Iran and the Reconstruction of the Royal Road

In 2002, to the disbelief of Iran, the U.S. put Iran in the ‘Axis of Evil’. While Western media still portray Iran as unpredictable, radical, and hostile, the country is slowly recovering from a traumatic period marked by repression and war. As Iran slowly reemerges to expand its influence from the Mediterranean to South Asia, recent developments could accelerate the resurgence of Iran.

Observations

  • In ancient times, Persia stood at the center of the world through diplomatic contact with the Chinese Han dynasty and the Roman Republic. In the 5th century BC, Darius the Great built the Royal Road on which Persian merchants traveled to the West. The road also passed through modern-day Turkey and was later connected to China’s Silk Road.
  • Iran has the second largest gas reserve and the fourth largest oil reserve. As the West clashes with Russia, Iran could become a more suitable partner for energy. French energy giant Total will sign a deal that finalizes a $1 billion investment in an Iranian gas field. Meanwhile, European airlines are resuming direct flights to Iran, Iranian authorities relax visa requirements, and tourism is rapidly increasing.
  • Iran will commit $500 million to expand the port of Chabahar. A primary interest of the project, which will include a free trade area, is to stabilize Afghanistan by connecting the land-locked country to maritime trade. For India, Chabahar is an important node in its international grand strategy.
  • Iran, Turkey and Qatar signed a transportation agreement intended to facilitate trade among the three countries. It effectively makes Iran the transit country for the trade between Turkey and Qatar.

Connecting the Dots

Iran is slowly recovering from a traumatic period in its history, one marked by foreign repression and brutal warfare. This period started in the 18th century, when the modern armies of Russia invaded from the Caucasus, and Britain invaded from the seas. While Iran remained independent, Russia took control of its army, and Britain enforced monopolies on goods. Ever since, the religious class has been the guardian against foreign interference, culminating in the Islamic Revolution of 1979 in which Iran freed itself from a brutal regime supported by the U.S. and the U.K. However, shortly after the revolution, Iraq invaded Iran, starting a devastating war that ended only 8 years later. The end of the war marked the beginning of the recovery from trauma. On its way towards recovery, Iran is also on a path to become more liberal. This year, reformist President Rouhani won reelection with a much wider margin of support than the first time around. However, history shows that if confrontation with the West intensifies or if the government neglects the poor, a radical non-liberal leader will come to power with the support of the religious class. Nonetheless, as Iran recovers from its traumas, it will return to its natural position as a powerful regional player with strong cultural influence across the territory of the former Persian Empires.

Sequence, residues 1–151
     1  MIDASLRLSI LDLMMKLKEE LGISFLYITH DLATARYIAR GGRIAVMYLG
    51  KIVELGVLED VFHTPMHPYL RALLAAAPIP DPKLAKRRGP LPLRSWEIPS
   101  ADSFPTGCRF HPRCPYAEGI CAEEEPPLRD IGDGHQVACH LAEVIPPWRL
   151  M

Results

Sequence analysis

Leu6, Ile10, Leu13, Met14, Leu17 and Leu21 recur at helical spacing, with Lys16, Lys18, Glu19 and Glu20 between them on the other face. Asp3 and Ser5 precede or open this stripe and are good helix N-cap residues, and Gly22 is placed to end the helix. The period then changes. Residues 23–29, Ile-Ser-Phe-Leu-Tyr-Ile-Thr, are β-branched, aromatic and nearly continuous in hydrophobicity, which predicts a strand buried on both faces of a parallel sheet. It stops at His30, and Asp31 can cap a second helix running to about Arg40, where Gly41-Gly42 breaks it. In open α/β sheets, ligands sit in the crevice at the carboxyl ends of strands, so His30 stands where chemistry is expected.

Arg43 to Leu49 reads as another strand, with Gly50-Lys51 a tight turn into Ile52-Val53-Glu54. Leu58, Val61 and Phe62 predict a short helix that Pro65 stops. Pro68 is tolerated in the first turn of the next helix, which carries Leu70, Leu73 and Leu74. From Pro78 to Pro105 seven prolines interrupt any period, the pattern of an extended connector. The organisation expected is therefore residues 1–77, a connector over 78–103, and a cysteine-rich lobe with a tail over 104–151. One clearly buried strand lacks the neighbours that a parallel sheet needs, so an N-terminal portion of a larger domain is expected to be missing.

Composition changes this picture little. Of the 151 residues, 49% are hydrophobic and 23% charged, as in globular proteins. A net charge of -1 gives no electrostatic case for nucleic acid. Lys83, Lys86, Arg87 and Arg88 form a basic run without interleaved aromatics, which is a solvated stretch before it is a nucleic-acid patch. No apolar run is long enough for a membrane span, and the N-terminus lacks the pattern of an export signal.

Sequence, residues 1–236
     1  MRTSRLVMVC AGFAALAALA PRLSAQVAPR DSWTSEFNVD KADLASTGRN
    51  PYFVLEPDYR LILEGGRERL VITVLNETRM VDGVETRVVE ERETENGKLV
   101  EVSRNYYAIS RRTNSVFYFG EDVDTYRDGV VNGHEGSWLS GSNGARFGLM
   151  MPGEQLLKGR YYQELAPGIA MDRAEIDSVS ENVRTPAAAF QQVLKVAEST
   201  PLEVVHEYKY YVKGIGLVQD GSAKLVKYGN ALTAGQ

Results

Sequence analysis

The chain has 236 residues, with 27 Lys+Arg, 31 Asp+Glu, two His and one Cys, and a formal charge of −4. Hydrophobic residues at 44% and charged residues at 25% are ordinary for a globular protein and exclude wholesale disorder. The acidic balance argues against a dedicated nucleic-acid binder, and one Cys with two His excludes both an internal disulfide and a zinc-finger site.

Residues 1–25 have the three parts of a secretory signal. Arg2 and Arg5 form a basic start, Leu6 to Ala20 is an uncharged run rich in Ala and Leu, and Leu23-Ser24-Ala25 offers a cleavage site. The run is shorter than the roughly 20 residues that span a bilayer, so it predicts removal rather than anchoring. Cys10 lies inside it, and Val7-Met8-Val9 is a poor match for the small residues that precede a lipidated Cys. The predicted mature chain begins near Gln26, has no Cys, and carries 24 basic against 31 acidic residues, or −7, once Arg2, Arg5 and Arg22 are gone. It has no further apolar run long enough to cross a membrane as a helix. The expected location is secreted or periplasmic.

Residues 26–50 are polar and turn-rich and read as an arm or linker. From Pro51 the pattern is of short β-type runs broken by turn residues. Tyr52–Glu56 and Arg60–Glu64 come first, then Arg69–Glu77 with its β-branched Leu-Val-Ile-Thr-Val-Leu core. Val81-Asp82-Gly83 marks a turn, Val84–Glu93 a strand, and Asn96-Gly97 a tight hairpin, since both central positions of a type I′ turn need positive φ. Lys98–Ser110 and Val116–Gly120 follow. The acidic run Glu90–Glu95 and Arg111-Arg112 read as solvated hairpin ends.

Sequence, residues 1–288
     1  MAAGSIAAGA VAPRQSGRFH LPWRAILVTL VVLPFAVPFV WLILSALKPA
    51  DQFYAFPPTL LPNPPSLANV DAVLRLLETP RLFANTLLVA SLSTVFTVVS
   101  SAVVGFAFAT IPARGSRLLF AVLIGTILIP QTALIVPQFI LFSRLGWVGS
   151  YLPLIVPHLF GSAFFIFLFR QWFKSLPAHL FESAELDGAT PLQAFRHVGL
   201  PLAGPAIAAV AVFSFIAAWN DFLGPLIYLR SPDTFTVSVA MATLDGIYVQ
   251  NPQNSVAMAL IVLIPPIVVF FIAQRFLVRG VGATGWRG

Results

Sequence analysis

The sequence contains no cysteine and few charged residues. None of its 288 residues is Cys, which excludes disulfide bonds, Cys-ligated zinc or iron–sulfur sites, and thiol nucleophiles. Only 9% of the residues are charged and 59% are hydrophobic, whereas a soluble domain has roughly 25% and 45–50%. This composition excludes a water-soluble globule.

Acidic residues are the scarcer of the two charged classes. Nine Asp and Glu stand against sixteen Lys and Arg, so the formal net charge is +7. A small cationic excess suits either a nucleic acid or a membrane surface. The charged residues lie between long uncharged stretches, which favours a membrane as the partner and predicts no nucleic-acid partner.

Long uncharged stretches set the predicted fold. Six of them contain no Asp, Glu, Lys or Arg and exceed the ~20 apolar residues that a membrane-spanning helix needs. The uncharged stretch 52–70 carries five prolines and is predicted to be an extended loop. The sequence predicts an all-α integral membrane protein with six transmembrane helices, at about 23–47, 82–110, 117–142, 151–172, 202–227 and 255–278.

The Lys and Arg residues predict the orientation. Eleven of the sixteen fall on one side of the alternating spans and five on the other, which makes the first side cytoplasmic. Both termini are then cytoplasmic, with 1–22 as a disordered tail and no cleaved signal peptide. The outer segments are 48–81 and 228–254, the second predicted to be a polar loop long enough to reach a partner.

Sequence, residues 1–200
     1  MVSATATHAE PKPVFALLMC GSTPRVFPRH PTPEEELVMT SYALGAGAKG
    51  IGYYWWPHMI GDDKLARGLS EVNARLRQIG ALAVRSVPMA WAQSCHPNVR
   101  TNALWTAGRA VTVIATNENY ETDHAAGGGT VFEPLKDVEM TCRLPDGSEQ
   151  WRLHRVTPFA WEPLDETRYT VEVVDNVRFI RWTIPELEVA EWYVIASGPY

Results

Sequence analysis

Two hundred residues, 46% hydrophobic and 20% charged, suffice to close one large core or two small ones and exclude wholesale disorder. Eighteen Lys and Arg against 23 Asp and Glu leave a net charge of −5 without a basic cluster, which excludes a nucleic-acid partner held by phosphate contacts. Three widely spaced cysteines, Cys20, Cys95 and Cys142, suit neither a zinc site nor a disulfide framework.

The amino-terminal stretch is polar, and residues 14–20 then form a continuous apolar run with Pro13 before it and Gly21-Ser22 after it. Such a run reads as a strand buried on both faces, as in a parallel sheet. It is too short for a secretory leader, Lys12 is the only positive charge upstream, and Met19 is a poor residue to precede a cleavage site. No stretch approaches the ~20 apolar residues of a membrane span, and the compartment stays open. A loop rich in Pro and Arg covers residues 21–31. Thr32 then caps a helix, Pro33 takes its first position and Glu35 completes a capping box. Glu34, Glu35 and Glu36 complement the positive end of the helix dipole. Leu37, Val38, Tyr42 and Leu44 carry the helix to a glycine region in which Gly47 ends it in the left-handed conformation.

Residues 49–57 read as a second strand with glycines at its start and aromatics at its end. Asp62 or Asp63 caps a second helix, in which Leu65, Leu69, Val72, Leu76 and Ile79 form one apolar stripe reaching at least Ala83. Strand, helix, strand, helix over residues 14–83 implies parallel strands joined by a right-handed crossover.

Even if Iran’s attempts to expand its military presence abroad fail, its commercial expansion will reshape the region.

Recent developments have opened doors for Iran to expand its influence. Iran has benefited from the Arab Spring and American foreign policy. During the Arab Spring, many pro-Saudi and anti-Iran regimes fell. In addition, the American invasions of Afghanistan and Iraq removed the Taliban and Saddam Hussein, which were both opposed to Iran. Furthermore, Iran strengthened ties with Assad in Syria and Hezbollah in Lebanon, while Shia uprisings in Bahrain, Saudi Arabia, and Yemen increased Iranian influence. Moreover, the end of fighting in Syria creates a massive opportunity for Iran: to establish a permanent military presence in Syria, akin to Hezbollah in Lebanon. Lastly, Iran, especially in the long term, has the upper hand in the rivalry with Saudi Arabia: countries such as Iraq and Lebanon benefit from Saudi investments without harming Iran’s ability to influence policy. Most importantly, as the political arena opens up opportunities for Iran to reemerge, the country will continue to expand commercially by rebuilding the Royal Road. Iran is connecting land-locked Afghanistan to the sea and has deep-rooted trade ties with Emirati cities. All in all, even if Iran’s attempts to expand its military presence abroad fail, its commercial expansion will reshape the region.

Implications

  • As Iran rebuilds the Royal Road, countries in Central Asia, South Asia, and the Middle East could benefit, especially because the project lines up with India’s alternative to China’s Belt and Road initiative.
  • While the reemergence of Iran will encounter hurdles in regional rivals, there need not be a confrontational clash. Historically, despite recent tensions with Israel, Iran had friendly relations with the Jewish people and with regional rival Turkey.